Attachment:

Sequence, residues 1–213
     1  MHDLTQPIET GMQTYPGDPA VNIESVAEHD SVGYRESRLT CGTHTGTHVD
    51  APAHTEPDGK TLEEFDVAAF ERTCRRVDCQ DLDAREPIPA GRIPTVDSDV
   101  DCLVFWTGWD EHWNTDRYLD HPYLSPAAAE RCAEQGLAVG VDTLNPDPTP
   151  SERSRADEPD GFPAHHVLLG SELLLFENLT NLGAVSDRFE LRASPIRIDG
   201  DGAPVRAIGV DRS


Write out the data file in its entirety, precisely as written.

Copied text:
Sequence, residues 1–213
     1  MHDLTQPIET GMQTYPGDPA VNIESVAEHD SVGYRESRLT CGTHTGTHVD
    51  APAHTEPDGK TLEEFDVAAF ERTCRRVDCQ DLDAREPIPA GRIPTVDSDV
   101  DCLVFWTGWD EHWNTDRYLD HPYLSPAAAE RCAEQGLAVG VDTLNPDPTP
   151  SERSRADEPD GFPAHHVLLG SELLLFENLT NLGAVSDRFE LRASPIRIDG
   201  DGAPVRAIGV DRS